Stranger Things will likely reveal in season 4 that the Russians have accidentally created a machine that is capable of teleportation as well as opening the Upside Down gate. Admittedly, there is no precedent for teleportation in the world of Stranger Things. However, introducing a new sci-fi element into a story where alternate dimensions exist and a young girl can make Coke cans crush with her mind wouldn't be weird.
Consider this: season 4 will probably take place in 1986 or 1987. Also, Stranger Things loves pop culture references and frequently includes story beats based on '80s movies of the time or showing them during an episode. David Cronenberg's The Fly, released in August 1986, hinges on protagonist Seth Brundle (Jeff Goldblum) conducting experiments involving teleportation. With all of this in mind, it is entirely possible this plot point from The Fly would serve as inspiration or be referenced as a means of justifying teleportation in season 4. Cronenberg has already served as story inspiration in season 3, so why not use his work as a reference again?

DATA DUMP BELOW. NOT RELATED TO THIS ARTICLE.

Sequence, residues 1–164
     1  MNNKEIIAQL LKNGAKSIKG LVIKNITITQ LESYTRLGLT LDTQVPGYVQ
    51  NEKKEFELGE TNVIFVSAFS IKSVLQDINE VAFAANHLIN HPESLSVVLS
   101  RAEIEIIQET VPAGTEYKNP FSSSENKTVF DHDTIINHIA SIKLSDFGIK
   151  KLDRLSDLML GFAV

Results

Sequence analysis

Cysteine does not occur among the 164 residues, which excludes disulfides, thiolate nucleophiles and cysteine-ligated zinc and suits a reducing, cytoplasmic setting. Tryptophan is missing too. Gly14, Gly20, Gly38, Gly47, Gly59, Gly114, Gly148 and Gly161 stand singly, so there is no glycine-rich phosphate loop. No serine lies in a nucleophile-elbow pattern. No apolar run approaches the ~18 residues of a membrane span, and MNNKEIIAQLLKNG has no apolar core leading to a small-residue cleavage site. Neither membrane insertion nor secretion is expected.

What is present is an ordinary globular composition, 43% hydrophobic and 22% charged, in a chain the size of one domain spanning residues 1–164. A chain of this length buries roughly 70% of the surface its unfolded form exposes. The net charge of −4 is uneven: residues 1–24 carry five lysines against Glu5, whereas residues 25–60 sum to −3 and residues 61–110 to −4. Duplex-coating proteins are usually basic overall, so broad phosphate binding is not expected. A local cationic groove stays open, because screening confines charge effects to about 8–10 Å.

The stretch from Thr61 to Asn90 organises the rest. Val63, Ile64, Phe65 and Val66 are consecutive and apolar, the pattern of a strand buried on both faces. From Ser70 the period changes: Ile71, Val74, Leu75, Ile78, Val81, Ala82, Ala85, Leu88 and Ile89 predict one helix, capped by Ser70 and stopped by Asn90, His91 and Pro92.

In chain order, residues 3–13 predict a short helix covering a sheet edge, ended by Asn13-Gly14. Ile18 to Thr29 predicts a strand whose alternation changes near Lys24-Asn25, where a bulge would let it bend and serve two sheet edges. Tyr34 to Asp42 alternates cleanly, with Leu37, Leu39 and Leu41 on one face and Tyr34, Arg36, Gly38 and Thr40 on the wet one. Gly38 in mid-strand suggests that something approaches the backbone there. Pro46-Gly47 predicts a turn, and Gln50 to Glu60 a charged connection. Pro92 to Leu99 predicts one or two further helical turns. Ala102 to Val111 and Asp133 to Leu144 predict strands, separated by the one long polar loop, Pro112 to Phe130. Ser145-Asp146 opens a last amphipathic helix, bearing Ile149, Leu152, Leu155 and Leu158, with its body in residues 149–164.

How Did The Russians Get A Demogorgon?
It's not explicitly stated in Stranger Things season 3, but it seems the Russians wanted to re-open the gate to the Upside Down because when they had done it before, a Demogorgon made its way through. It wouldn't take long for the Demogorgon to show off its abilities as a predator, making it a very useful tool for the military.
The makes for further confirmation of what the Russians were doing in Hawkins in season 3. In episode 6, "E Pluribus Unum," Russian scientist Alexei reveals the military's intention to open the Upside Down for their own uses. They came to Hawkins because the gate had been opened once before and "was still healing," thus making it easy to re-open. Opening the gate means gathering more Demogorgons like the one in the post-credits scene. Erica also mentions during this episode that there could be yet another Demogorgon in the Russians possession, as evidenced by the steel cell.
All of this means that in season 4 there will be a continued Russian presence and the story will likely focus even more on the Upside Down's gate reopening. If season 4 does return to the Russians and their plans for the Upside Down, it will have to go even deeper into the Russians' intentions aside from just getting back into the alternate dimension. Answering how the Russians discovered the Upside Down existed in the first place, how the Russians located Hawkins as the location of another gate, and how exactly the Russians intend to use the Demogorgons in the future will all have to be addressed.